As noted above, this trip echoes the story of Moses as an infant. It also echoes the story of the earlier Joseph (Genesis 37-50), whose going into Egypt laid the foundation for the birth of the Israelite nation and the Exodus. That first Joseph was a dreamer and an interpreter of dreams. God also appears to this new Joseph in dreams (1:20; 2:13, 19).

A forced exile poses hardship, especially for poor people. Joseph and his family depart “by night.” They were away from home when the angel appeared, and could not return home to settle affairs or pick up Joseph’s tools. They will have to pay for food and lodging on their journey. The gold, frankincense and myrrh that the Magi gave to the baby Jesus (2:1-12) are part of God’s provision for the journey. These gifts are valuable and portable. Joseph can take them on the journey and sell them as needed until he gets established. For the longer haul, Joseph can find work as a carpenter in Egypt.

Joseph models unwavering obedience. As peculiar as his situation has become, Joseph obeys without complaint. He says not a word. We know little about him, but his prompt obedience is crucial to God’s plan. He knows nothing except the next step of the journey, but he takes that step. So also is our obedience crucial to God’s plan. We cannot see the fullness of God’s plan for our lives any better than Joseph could see it for his life, but we can be assured that our faithfulness will lead to great things too. We will not always be aware of them. Sometimes a seed that we plant in one place will blossom, unseen by us, in another. In any event, God will not fail to bless our faithfulness.

and was there until the death of Herod; that it might be fulfilled which was spoken by the Lord through the prophet, saying, ‘Out of Egypt I called my son'” (v. 15). The verse is Hosea 11:1. The original reads, “When Israel was a child, then I loved him, and called my son out of Egypt” This was not a prophecy, but was instead a comment about God’s deliverance of the Israelites from slavery in Egypt.  Matthew often finds these sorts of messianic connections in Hebrew Scriptures.

Israel had gone into Egypt many centuries earlier, and had come out of Egypt under Moses’ leadership. Jesus’ journey into Egypt as an infant connects him with that part of Israel’s history–and also with Moses’ role in freeing his people.  Moses freed the Israelites from slavery to Egypt. Jesus will free people from slavery to sin.

MATTHEW 2:16-18. HEROD KILLED ALL THE MALE CHILDREN

16Then Herod, when he saw that he was mocked by the wise men, was exceedingly angry, and sent out, and killed all the male children who were in Bethlehem and in all the surrounding countryside, from two years old and under, according to the exact time which he had learned from the wise men. 17Then that which was spoken by Jeremiah the prophet was fulfilled, saying,

18“A voice was heard in Ramah,
lamentation, weeping and great mourning,
Rachel weeping for her children;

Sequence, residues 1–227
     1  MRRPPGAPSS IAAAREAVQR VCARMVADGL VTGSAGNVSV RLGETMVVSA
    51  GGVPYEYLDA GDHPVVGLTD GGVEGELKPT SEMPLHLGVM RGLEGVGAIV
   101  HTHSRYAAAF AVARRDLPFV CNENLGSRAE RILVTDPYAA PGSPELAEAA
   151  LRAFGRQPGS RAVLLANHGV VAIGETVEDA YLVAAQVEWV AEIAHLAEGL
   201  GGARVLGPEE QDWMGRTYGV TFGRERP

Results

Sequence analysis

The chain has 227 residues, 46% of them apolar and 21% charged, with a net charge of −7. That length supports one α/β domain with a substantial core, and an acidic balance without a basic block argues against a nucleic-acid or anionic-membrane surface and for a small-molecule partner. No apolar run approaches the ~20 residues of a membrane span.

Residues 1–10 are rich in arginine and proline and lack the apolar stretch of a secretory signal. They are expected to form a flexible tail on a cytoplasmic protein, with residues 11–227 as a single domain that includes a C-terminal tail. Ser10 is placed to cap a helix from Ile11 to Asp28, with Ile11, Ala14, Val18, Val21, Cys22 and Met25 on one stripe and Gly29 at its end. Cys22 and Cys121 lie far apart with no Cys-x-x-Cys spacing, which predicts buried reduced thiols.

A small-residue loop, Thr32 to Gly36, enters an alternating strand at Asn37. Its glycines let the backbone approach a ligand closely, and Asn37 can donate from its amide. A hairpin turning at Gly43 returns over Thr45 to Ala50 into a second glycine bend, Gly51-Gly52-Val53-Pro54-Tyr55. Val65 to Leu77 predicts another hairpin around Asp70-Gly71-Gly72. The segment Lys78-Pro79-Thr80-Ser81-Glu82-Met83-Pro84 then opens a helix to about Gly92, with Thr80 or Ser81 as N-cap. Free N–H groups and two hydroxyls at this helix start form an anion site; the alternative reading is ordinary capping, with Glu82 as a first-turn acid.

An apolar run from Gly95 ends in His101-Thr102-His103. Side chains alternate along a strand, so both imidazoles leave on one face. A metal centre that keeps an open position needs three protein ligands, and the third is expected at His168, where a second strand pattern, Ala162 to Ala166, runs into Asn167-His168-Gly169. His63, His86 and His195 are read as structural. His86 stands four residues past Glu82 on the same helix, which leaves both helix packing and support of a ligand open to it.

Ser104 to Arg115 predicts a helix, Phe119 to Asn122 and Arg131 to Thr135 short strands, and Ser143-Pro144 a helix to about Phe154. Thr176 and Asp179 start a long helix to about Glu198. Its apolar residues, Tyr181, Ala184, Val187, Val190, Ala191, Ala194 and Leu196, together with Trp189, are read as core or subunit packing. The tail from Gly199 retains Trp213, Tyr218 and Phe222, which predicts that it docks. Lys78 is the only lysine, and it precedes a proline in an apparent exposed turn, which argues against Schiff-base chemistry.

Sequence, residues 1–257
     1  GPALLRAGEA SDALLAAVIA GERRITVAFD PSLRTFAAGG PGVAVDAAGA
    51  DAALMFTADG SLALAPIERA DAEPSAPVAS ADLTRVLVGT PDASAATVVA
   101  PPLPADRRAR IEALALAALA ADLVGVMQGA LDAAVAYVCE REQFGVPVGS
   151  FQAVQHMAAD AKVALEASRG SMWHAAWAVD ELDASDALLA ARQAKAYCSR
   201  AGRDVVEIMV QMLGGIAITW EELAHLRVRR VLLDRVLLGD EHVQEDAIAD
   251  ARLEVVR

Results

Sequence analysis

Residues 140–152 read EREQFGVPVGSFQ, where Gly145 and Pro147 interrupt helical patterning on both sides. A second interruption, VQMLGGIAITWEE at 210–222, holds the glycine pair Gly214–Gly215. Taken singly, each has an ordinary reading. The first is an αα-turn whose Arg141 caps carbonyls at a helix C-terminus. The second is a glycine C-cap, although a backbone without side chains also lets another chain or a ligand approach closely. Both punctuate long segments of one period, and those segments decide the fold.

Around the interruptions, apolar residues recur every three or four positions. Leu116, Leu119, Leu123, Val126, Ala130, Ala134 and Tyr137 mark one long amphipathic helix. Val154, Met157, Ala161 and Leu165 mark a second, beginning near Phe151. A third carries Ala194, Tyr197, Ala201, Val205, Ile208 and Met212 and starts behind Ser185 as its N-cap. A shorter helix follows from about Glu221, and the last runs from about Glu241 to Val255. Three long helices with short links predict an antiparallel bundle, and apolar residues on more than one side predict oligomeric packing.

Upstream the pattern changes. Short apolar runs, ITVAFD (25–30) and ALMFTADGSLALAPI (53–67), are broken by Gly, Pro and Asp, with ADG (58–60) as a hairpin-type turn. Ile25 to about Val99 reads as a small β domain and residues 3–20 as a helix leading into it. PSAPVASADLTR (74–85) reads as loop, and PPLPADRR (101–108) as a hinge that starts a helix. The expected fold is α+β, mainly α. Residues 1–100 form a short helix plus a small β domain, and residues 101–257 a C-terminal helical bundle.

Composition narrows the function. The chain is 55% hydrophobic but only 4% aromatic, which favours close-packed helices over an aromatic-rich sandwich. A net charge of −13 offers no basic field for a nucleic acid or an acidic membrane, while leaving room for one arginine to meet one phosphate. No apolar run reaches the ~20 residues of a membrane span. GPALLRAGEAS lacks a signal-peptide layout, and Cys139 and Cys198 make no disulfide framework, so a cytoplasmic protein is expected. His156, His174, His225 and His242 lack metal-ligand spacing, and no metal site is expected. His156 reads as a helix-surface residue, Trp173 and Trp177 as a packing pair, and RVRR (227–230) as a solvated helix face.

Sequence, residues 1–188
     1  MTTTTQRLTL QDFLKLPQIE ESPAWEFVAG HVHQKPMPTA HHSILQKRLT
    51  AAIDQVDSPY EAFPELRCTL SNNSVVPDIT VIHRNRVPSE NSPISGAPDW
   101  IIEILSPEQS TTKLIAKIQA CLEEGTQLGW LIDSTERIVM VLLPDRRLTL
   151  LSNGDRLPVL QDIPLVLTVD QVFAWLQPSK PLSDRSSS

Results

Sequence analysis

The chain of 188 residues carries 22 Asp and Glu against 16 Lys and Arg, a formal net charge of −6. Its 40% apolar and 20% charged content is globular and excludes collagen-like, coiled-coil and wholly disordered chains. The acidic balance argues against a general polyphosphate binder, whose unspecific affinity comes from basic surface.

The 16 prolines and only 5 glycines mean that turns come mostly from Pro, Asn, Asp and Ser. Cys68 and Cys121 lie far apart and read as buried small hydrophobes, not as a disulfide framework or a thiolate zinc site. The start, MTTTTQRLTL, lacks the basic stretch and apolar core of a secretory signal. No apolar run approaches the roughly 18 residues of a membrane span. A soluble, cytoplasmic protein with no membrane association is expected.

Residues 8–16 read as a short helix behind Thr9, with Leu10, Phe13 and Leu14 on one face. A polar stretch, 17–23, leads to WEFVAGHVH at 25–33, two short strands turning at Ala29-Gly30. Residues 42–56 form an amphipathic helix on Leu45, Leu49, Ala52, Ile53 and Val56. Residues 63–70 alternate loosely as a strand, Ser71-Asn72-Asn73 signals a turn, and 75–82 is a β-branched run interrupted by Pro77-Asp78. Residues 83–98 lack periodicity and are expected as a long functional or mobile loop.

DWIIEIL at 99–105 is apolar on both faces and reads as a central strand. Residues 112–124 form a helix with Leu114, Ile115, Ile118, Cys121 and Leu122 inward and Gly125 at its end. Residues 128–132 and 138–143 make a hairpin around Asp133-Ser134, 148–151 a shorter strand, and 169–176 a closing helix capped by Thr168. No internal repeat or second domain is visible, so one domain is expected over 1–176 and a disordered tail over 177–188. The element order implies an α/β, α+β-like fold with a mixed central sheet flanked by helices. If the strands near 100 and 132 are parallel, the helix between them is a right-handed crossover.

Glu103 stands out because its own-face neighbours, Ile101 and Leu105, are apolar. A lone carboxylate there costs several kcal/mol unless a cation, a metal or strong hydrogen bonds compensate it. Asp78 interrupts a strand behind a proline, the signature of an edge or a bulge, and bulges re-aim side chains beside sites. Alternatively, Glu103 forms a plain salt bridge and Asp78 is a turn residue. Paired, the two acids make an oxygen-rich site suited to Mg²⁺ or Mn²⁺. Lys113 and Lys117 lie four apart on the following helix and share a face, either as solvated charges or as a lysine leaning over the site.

she wouldn’t be comforted,
because they are no more.”

“Then Herod, when he saw that he was mocked by the wise men, was exceedingly angry, and sent out, and killed all the male children who were in Bethlehem and in all the surrounding countryside, from two years old and under, according to the exact time which he had learned from the wise men” (v. 16). There is no record of this incident other than Matthew’s account, but the story is fully in keeping with Herod’s murderous ways. He kills anyone whom he thinks to be a rival, including his wife and three of his sons. There is no reason not to believe this account of a massacre of babies.

Bethlehem is not a large city, perhaps a thousand people, so the male infants under two years of age would be few––perhaps ten or twenty (although the early church greatly exaggerated its estimates of this number). In a tyrannical time and place, the incident could easily escape notice except by those directly affected.

It would be hard to imagine such evil behavior if we had not seen it. Murderous behavior by one tribe––or religion––against another is still rampant today. Herod is alive and well––and not just in other people. There is a bit of Herod in each one of us when we feel threatened.

It is worth noting that God does not stop the massacre. God allows us freedom to do good or evil.

“A voice was heard in Ramah, lamentation, weeping and great mourning, Rachel weeping for her children; she wouldn’t be comforted, because they are no more” (v. 18). Matthew quotes Jeremiah 31:15, which portrayed the grief of Rachel, Jacob’s wife, at the fate of her people as they were led into exile. Rachel was dead, of course, and was reputed to be buried at Ramah––or perhaps in Bethlehem––on the route to Babylonia. Even in her grave, she wept at the fate of her children as they paraded by her in chains. Again, the verse from Jeremiah has nothing to do with the slaughter of the innocents in Bethlehem, but the verse from Jeremiah can look forward as well as back.